Monday, June 4, 2018

How to Break Up With Your Book (And Why It’s Not Always a Bad Idea) by Taylor Bennett

Taylor Bennett

Hey, everyone! Annette here. Please welcome fellow Mountain Brook Ink author Taylor Bennett back to SW with a relatable post for anyone who has ever needed to change directions on a novel while the clock is ticking. Enjoy!


How to Break Up With Your Book 
(And Why it’s Not Always a Bad Idea)
by Taylor Bennett

Book Two was not going to write itself.


When I got a contract for my debut novel, Porch Swing Girl, it sold as part of a trilogy. Which means that I had two more books to write for my publisher. At first, this seemed like a breeze—a dream, even. After all, writing is a part of who I am, and I’d fallen in love with my characters from Porch Swing Girl. Surely, I wouldn’t have a problem, right?


It took me nearly two first drafts (with completely different story lines) to realize that I had to go in a different direction altogether. But how did I come to learn this? And how on earth was I able to abandon a manuscript that I’d spent nearly half a year on?

It wasn’t as hard as one might think. In fact, it was relatively easy.

If you suspect you might be in the same place as me, don’t be afraid to lay your project aside. Book breakups, while painful, aren’t the end of the world. In fact, they can oftentimes be a huge blessing.

But wait! Before you break up with your book, you need to assess the relationship.

Ask yourself these questions:
·         When I think about this book, what’s the first thing that comes to mind?
Chances are, if it’s dread, anxiety, or a handful of other unpleasant emotions, this book might not be right. That’s not to say that it will never be right and you should delete the file from your computer—it simply means that maybe it’s time to take a break.
·         Do these characters feel like friends?
Are you still in love with your hero? Do you still feel like your heroine is your best friend? If not, some distance might not be a bad idea.
·         Why am I writing this book?
If you’re struggling to answer this question—if the why has disappeared and you find yourself struggling to remember why you ever picked this idea in the first place—it might be time to step away.

Don’t get me wrong—sometimes our books drive us crazy. Our characters don’t do what we want them to do, our writing rhythm is out-of-whack. But usually, even during those times, we remember the why, the reason we started writing this book in the first place. That passion for the story and its characters, can often encourage us to keep fighting.

But if you’re burned out and frustrated, there’s nothing wrong with stepping away and taking time to explore a new idea—or take a break from writing altogether. If you and your book are simply no longer meshing, there’s nothing stopping you from getting out of the “relationship.” Even if you’re under contract, there’s a good chance that your editor will support your decision, as long as they know it’s for the good of the book.


Porch Swing Girl by Taylor Bennett

What if friendship cost you everything?

Stranded in Hawaii after the death of her mother, sixteen-year-old Olive Galloway is desperate to escape. She has to get back to Boston before her dad loses all common sense and sells the family house. But plane tickets cost money—something Olive gravely lacks.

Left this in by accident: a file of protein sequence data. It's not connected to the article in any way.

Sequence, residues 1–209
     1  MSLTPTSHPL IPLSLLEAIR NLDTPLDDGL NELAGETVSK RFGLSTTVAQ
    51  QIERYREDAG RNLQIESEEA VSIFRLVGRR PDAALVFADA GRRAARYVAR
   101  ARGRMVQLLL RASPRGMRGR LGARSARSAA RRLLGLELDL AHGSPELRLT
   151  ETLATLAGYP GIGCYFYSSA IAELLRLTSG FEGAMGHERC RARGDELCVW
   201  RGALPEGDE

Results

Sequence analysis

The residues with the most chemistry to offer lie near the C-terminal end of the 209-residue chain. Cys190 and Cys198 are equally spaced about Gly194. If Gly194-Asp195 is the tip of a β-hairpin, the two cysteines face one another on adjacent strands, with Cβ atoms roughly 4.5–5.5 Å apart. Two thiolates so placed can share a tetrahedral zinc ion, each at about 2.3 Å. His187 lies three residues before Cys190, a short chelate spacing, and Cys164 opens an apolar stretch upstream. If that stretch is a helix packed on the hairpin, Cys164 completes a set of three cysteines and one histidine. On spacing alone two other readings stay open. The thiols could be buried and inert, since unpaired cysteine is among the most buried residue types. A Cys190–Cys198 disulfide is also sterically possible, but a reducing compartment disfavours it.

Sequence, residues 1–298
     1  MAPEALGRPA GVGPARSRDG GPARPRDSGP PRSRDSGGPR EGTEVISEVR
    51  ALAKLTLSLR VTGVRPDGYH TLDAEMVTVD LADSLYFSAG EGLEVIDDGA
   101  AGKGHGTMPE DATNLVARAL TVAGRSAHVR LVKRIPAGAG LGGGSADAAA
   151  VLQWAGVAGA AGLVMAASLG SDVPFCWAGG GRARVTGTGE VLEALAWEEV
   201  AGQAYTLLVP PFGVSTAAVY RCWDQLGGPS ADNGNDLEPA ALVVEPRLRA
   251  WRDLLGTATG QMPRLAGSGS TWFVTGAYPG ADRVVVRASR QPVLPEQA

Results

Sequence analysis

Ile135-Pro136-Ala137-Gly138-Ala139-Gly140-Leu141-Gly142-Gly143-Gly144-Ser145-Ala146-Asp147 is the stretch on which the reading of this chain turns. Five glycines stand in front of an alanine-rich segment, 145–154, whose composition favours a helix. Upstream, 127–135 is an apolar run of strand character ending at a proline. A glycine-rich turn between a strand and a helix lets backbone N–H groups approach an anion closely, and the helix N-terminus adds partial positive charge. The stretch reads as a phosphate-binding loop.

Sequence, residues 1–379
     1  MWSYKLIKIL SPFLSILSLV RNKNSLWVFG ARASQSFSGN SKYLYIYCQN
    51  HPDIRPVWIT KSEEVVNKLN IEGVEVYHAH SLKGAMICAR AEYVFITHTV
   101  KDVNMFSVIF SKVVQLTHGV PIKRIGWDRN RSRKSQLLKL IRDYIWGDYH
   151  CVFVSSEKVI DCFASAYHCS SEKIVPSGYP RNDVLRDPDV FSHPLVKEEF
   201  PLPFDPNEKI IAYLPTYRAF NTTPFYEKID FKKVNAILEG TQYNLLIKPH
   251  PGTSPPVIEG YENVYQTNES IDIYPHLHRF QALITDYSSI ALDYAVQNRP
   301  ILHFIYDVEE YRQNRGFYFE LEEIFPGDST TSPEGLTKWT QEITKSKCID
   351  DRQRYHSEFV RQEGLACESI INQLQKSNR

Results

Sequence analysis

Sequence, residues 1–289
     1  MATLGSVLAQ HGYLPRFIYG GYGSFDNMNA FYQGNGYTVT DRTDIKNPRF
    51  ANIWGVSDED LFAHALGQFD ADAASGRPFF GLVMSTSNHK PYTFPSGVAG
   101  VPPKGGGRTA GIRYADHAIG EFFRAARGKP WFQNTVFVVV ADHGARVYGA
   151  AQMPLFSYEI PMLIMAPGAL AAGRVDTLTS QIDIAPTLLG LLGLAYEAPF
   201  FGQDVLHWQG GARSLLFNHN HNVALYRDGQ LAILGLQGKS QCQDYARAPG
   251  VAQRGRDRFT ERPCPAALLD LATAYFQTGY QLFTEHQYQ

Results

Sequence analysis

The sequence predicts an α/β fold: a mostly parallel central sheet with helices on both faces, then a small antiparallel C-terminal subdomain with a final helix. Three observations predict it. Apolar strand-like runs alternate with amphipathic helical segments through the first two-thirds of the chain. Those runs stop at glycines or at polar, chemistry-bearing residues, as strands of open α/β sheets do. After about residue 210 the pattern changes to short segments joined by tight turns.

With the help of Brander, the fussy youth group worship leader, and Jazz, a mysterious girl with a passion for all things Hawaiian, Olive lands a summer job at the Shave Ice Shack and launches a scheme to buy a plane ticket home before the end of the summer.

But when Jazz reveals a painful secret, Olive’s plans are challenged. Jazz needs money. A lot of it. Olive and Brander are determined to help their friend but, when their fundraising efforts are thwarted, Olive is caught in the middle. To help Jazz means giving up her ticket home. And time is running out.


Homeschooled since kindergarten, Taylor Bennett is the seventeen-year-old author of Porch Swing Girl, which will be released by Mountain Brook Ink on May 1st. When she’s not reading or writing, Taylor can be found playing her violin or taking walks in the beautiful Oregon countryside. She loves to connect with readers via her author website, as well as Facebook, Twitter, Instagram (her favorite!), Pinterest, and Goodreads. 

You can connect with Taylor here:


  1. First, I love the title of your book! It sounds great! :)

    Second, I've broken up with two books because I hadn't found my genre yet. It was hard to abandon all that research, but it's all safely put away, just in case I can use it later. Thanks for the encouraging post today and great job!

    1. Thank YOU!! I’m so glad you like my title :)

  2. Great post, Taylor! I see it as nothing is ever wasted. All that work on the earlier drafts grows our writing craft, and like Angie mentioned, the research may come in handy later. Hugs, my friend. Thanks for visiting!

    1. Thank you so much for having me!! And you’re right—nothing ever really goes to waste.

  3. What wonderful advice. I had to put a book idea aside because I couldn't get into it and come up with good side plots. But now, a year later, I have a new idea that is shaping beautifully. Writer's block is horrible, but it can help to take a break and rethink the whole thing.

    1. Yes!! Sometimes taking a break is the best thing you can do to get those creative juices flowing again.


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